Early nominations received for the 2009 word of the year vote

Early nominations for the American Dialect Society’s 2009 word of the year vote are now available from society members who specialize in following language trends.

All nominations will be considered for the American Dialect Society’s 20th annual word-of-the-year (WOTY) vote, the longest-running vote of its kind in the Anglophone world and the WOTY event up to which all others lead. It will be held in Baltimore, Maryland, on Friday, January 8, 2010, and is open at no cost to members of the press and public. Detailed information on where and when the final vote will be held is here.

Nominations from Grant Barrett, chair of the American Dialect Society’s New Words Committee editor of the “Among the New Words” column of the society’s journal American Speech.

Nominations from Wayne Glowka, Dean of the School of Arts and Humanities at Reinhardt College in Waleska, Georgia.

Nominations from Ben Zimmer, executive producer of the Visual Thesaurus, and member of the Executive Council of the American Dialect Society.

Nominations from David Barnhart of Lexik House, editor of the Barnhart Dictionary Companion.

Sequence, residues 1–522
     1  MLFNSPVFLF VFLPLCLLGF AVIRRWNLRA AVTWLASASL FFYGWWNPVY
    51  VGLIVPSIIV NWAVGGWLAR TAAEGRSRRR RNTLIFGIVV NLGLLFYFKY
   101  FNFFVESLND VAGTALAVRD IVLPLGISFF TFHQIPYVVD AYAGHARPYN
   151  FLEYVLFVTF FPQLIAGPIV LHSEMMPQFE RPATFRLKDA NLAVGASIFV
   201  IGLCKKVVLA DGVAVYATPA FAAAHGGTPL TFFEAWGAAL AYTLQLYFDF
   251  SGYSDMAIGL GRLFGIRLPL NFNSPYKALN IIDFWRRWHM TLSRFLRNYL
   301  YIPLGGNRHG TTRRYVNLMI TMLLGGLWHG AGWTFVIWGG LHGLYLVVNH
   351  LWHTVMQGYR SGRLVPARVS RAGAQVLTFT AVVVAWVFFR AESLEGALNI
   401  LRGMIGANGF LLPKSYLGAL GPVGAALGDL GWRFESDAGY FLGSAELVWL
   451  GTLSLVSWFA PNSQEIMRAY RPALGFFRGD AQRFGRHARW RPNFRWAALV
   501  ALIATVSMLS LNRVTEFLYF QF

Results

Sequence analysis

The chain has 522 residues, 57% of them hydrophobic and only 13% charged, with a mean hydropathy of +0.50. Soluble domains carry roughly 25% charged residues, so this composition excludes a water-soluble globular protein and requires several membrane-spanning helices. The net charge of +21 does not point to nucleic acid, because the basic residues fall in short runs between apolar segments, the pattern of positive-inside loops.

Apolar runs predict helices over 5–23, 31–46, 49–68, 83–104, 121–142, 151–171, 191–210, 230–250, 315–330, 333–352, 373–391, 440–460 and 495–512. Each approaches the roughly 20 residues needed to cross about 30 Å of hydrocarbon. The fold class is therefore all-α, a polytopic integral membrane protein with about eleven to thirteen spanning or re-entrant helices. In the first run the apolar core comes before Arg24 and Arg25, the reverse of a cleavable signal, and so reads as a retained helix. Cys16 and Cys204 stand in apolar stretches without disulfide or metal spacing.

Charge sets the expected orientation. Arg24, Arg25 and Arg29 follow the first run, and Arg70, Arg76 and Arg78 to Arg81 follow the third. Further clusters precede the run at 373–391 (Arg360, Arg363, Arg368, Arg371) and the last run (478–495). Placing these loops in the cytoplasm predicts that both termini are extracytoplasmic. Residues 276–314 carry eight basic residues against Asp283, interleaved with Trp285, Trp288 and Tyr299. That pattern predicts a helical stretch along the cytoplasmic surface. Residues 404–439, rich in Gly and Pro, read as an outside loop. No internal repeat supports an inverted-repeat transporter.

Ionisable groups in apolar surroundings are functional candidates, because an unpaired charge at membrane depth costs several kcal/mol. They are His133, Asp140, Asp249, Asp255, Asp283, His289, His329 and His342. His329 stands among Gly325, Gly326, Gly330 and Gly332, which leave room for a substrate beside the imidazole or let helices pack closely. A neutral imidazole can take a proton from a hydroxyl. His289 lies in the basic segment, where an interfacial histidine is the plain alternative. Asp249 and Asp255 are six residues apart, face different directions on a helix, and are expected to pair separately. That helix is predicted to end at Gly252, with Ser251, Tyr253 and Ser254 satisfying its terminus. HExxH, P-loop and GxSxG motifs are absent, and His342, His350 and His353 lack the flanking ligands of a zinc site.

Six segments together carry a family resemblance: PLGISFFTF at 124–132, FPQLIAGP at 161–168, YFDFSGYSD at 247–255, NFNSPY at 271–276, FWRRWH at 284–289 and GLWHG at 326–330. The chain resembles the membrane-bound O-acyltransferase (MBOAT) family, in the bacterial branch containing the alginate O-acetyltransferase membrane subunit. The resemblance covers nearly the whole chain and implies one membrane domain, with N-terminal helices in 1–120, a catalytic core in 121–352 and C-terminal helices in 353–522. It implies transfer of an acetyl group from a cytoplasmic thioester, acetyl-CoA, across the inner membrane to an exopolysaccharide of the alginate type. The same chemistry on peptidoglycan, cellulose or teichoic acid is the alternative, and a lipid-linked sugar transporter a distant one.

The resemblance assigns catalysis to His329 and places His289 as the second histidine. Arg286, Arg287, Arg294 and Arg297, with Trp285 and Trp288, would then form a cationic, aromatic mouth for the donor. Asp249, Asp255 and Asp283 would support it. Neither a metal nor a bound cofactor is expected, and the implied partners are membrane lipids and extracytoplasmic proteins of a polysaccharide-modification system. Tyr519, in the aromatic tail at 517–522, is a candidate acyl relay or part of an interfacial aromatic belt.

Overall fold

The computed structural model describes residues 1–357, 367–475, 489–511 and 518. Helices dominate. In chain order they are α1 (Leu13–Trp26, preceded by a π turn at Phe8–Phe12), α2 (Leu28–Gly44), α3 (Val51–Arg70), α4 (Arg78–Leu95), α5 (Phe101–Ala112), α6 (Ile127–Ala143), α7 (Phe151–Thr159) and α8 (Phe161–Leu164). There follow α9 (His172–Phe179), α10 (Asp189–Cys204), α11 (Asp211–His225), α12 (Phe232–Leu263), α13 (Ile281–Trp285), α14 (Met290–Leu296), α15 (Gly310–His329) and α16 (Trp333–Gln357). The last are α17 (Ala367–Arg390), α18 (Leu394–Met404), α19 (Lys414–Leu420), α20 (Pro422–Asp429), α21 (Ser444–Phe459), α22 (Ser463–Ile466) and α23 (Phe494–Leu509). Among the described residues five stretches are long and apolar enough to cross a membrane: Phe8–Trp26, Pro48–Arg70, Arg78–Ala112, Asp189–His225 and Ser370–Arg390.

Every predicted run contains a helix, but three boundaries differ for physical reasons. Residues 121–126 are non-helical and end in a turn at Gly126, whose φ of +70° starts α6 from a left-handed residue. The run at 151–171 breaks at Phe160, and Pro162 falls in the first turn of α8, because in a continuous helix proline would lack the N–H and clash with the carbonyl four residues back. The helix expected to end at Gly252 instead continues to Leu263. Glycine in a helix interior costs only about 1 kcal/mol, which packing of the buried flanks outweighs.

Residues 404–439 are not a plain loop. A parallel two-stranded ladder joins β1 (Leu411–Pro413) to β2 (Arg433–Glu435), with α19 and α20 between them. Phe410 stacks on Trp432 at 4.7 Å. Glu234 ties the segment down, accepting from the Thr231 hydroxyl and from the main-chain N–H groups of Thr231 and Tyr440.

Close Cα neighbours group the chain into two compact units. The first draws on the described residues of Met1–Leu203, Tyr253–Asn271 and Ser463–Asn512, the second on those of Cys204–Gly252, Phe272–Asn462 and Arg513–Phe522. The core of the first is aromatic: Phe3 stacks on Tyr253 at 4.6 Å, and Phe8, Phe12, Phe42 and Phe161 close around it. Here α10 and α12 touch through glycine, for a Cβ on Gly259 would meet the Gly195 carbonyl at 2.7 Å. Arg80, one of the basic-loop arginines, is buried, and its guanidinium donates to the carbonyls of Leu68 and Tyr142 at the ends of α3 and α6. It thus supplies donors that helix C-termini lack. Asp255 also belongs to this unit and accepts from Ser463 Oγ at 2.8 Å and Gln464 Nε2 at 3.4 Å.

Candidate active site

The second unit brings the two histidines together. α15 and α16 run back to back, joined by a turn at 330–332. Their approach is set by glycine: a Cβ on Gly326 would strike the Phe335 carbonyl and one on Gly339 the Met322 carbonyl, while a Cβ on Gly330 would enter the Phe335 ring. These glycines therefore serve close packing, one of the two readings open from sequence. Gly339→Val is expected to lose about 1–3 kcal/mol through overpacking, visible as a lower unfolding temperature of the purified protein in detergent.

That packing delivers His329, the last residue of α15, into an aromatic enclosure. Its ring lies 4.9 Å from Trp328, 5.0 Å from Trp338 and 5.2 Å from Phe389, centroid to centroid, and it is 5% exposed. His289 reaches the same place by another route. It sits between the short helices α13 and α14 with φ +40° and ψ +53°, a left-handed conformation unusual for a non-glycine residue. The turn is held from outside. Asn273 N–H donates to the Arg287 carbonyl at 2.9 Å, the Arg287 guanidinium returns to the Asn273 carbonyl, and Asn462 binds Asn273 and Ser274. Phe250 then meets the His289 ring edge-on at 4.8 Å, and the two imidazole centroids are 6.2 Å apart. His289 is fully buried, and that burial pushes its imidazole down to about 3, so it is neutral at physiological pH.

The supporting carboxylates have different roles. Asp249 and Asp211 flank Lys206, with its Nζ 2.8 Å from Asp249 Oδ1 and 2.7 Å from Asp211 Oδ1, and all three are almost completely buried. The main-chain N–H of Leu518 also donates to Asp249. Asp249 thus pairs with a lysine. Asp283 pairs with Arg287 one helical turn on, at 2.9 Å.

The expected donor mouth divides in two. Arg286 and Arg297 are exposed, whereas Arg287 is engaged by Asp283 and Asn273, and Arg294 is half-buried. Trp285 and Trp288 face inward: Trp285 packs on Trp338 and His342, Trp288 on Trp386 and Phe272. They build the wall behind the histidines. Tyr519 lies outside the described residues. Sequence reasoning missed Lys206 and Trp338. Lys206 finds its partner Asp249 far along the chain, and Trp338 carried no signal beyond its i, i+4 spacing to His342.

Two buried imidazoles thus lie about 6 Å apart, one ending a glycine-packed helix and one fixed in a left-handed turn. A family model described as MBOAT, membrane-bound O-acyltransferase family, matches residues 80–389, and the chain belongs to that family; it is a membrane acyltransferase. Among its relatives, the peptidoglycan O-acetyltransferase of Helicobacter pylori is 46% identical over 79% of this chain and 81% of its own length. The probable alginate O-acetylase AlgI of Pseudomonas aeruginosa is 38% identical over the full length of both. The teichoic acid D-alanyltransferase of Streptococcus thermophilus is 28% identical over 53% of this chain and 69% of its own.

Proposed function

Nominations from Nancy Friedman, a name developer at Wordworking in Oakland, California. She keeps the blog Fritinancy.

Media contact information for each nominator is included in the files above.

Nominations from the public can still be sent to this address.

The best “word of the year” candidates will be:

—new or newly popular in 2009
—widely or prominently used in 2009
—indicative or reflective of the national discourse

Multi-word compounds or phrases that act as single lexical items are welcomed, as well.

Sub-categories for “word of the year” include most useful, most creative, most unnecessary, most outrageous, most euphemistic, most likely to succeed, and least likely to succeed.

The vote is informed by the members’ expertise in the study of words, but it is far from a solemn occasion. Members in the 119-year-old academic organization include linguists, lexicographers, etymologists, grammarians, historians, researchers, writers, authors, editors, professors, university students, and independent scholars. In conducting the vote, they act in fun and do not pretend to be officially inducting words into the English language. Instead, they are highlighting that language change is normal, ongoing, and entertaining.

Previous winners can be found here.

The American Dialect Society is open to all persons worldwide who have an interest in language. Membership includes four annual issues of the society’s academic journal, one complete scholarly work per year from the Publication of the American Dialect Society series, and subscription to its email newsletter. There is a discounted membership rate for students at any academic level, who are especially encouraged to join.